Returning to Long Island for high school, Evan began composing his own arrangements on the laptop he received as a graduation present. After attending three colleges in three semesters, he landed an internship at Fader in New York City, where he made his first music industry contacts and began to pass around his own tapes. A video he shot with director Rik Cordero for his song “Frozen” attracted P. Diddy’s attention, kicking off a major label bidding war that culminated in a deal with Interscope in 2009.

“We were all in a room,” he says. “Timbaland, Jimmy, everybody watching the video. Then Jimmy stands up and says, ‘This is great. We’d love Interscope to be your home.’ I had no fan base, one song, but Diddy and Jimmy saw something in me. I never went back to college. Suddenly I was in L.A. for two weeks a month.”

Within six months, however, he grew skeptical of the label’s vision for his music. “Polow Da Don started presenting records for me to cut that were nothing like me, nothing like what I got signed for,” Evan says. “He gave me one record to cut that was either going to me or to Fred Durst. That was the first red flag.

“I cut the record,” he continues. “The song was called ‘In Love With You,’ and it was the best and worst thing that ever happened to me. It sounded like Lenny Kravitz, but it was Jimmy Iovine’s favorite song.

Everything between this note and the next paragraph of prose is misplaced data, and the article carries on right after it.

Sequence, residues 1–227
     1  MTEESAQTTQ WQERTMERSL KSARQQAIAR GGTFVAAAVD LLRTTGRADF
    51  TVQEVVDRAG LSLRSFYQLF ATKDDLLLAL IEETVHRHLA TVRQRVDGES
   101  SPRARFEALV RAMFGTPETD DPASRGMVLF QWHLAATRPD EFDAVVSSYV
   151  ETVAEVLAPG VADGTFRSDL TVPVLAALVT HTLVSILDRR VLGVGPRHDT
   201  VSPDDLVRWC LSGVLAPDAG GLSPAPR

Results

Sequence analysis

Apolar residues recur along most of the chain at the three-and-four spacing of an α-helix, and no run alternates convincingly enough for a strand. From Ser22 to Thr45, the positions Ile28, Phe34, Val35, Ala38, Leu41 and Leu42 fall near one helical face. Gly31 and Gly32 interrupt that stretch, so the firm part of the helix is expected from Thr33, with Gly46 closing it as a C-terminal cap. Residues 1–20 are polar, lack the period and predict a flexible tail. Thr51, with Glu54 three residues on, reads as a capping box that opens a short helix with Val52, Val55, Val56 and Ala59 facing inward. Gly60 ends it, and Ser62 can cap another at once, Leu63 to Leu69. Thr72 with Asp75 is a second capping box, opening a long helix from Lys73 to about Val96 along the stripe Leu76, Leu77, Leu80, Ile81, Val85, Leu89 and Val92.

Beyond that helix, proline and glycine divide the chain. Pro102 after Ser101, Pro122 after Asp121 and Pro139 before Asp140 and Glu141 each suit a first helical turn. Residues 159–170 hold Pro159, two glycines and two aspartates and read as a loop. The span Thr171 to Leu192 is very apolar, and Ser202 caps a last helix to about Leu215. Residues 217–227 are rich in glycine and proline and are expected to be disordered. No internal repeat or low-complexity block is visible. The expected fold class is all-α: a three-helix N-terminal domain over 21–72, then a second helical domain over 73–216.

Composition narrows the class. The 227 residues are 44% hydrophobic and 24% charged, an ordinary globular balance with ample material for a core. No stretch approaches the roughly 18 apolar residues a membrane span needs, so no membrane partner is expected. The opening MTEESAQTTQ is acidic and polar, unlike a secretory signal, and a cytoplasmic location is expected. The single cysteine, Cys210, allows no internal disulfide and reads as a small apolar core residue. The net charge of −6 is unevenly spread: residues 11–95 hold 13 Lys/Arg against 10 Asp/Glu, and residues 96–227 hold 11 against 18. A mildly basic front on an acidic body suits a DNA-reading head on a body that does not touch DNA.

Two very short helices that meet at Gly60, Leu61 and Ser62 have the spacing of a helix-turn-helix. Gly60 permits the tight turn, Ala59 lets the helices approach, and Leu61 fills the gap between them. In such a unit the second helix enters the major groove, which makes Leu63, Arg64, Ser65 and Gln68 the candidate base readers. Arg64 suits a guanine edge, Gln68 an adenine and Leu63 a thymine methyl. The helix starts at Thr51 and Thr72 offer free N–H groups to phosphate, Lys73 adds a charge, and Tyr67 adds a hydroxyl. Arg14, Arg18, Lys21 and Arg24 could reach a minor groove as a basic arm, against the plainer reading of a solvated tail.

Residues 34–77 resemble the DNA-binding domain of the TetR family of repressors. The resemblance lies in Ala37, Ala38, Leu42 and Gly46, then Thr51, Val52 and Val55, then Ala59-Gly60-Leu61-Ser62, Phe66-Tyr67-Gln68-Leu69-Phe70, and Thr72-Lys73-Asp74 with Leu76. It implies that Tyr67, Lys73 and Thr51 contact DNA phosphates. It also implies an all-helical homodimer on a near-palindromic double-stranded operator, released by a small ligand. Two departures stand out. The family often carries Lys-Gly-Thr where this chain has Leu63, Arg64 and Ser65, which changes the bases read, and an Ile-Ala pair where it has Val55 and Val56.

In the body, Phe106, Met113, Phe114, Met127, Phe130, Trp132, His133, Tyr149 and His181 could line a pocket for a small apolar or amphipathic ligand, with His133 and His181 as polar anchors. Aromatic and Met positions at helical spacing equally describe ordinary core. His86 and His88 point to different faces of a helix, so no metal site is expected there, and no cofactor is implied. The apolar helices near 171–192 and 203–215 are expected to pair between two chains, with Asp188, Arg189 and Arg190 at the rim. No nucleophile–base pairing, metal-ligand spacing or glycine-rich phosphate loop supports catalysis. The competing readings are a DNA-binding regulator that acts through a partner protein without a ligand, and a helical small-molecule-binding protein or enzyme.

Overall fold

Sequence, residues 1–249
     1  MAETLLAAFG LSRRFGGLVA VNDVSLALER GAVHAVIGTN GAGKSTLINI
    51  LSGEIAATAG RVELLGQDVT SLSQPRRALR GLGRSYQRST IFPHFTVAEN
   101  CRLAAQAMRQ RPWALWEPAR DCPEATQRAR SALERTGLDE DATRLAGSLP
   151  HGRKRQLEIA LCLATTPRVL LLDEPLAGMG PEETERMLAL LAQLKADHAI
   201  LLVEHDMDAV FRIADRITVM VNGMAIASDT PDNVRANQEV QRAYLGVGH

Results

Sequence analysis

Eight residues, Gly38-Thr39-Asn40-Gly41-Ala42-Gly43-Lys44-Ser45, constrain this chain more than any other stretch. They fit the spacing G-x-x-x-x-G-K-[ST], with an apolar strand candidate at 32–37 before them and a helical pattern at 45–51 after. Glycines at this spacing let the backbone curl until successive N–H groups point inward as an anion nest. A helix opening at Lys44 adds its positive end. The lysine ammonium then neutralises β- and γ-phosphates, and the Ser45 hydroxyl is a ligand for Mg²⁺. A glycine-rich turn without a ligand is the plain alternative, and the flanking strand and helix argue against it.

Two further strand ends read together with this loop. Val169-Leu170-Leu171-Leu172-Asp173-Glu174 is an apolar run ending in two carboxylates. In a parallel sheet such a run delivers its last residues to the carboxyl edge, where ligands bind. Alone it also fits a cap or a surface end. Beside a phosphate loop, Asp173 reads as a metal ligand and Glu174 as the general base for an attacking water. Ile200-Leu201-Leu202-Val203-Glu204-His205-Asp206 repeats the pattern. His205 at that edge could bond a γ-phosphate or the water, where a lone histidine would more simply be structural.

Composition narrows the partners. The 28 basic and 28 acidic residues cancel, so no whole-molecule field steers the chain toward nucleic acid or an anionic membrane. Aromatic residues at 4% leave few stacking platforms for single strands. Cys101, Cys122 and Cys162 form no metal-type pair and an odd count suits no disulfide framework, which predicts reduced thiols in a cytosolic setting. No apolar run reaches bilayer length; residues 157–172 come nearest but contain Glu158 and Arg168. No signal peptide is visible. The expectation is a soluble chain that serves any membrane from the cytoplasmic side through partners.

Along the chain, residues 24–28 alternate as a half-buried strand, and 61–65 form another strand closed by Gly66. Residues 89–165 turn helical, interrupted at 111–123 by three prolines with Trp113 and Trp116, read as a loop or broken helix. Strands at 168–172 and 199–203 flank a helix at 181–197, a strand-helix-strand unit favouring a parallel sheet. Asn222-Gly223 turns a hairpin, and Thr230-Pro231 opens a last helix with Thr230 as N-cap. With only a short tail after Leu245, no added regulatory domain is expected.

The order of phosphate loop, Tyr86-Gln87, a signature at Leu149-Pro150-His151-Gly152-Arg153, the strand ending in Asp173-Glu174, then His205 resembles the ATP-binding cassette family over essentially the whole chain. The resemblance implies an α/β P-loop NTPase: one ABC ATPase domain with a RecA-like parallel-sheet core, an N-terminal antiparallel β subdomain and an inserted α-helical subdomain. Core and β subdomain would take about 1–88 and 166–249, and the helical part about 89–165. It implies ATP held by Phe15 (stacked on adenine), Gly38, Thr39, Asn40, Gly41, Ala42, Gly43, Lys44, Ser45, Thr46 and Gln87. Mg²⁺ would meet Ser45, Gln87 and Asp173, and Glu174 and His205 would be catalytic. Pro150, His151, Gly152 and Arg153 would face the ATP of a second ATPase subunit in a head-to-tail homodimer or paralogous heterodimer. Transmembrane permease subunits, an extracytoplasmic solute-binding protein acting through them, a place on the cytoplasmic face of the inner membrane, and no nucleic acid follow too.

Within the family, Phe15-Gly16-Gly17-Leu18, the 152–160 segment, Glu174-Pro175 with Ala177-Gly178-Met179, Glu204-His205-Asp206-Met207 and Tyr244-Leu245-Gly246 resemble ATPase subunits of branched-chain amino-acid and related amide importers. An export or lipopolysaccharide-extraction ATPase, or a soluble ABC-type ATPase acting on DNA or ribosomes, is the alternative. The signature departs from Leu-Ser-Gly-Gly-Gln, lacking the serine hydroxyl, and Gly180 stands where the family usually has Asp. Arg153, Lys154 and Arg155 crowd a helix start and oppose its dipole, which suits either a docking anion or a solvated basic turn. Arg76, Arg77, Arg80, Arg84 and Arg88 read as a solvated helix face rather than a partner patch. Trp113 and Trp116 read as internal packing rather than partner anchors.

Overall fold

“I could have told Jimmy I didn’t want to do it,” he says. “But I decided that if it was going to make me the most important artist on Interscope, I’d do it. They shot a video that cost $370,000, they put the song on Entourage. They did so much for it, but it wasn’t the right look. It wasn’t me.

“It went No. 1 in Greece,” he laughs. “I was the number one artist in Greece! That made Jimmy pretty happy, but it just stayed in Greece and people stopped caring. I pulled out of my deal and got to keep all my money. I was blessed that I was able to get out untouched.”

Jared EvanEXPAND
Jared Evan
Courtesy of the artist

Evan carries no regrets about his time at Interscope. “The album they made didn’t represent me,” he says. “It was a big pop-rock record that didn’t tell my story. So I came back where I started. Removing all those chefs from the kitchen allowed me to grow naturally and figure myself out, rather than letting Jimmy Iovine and Polow Da Don tell my story.”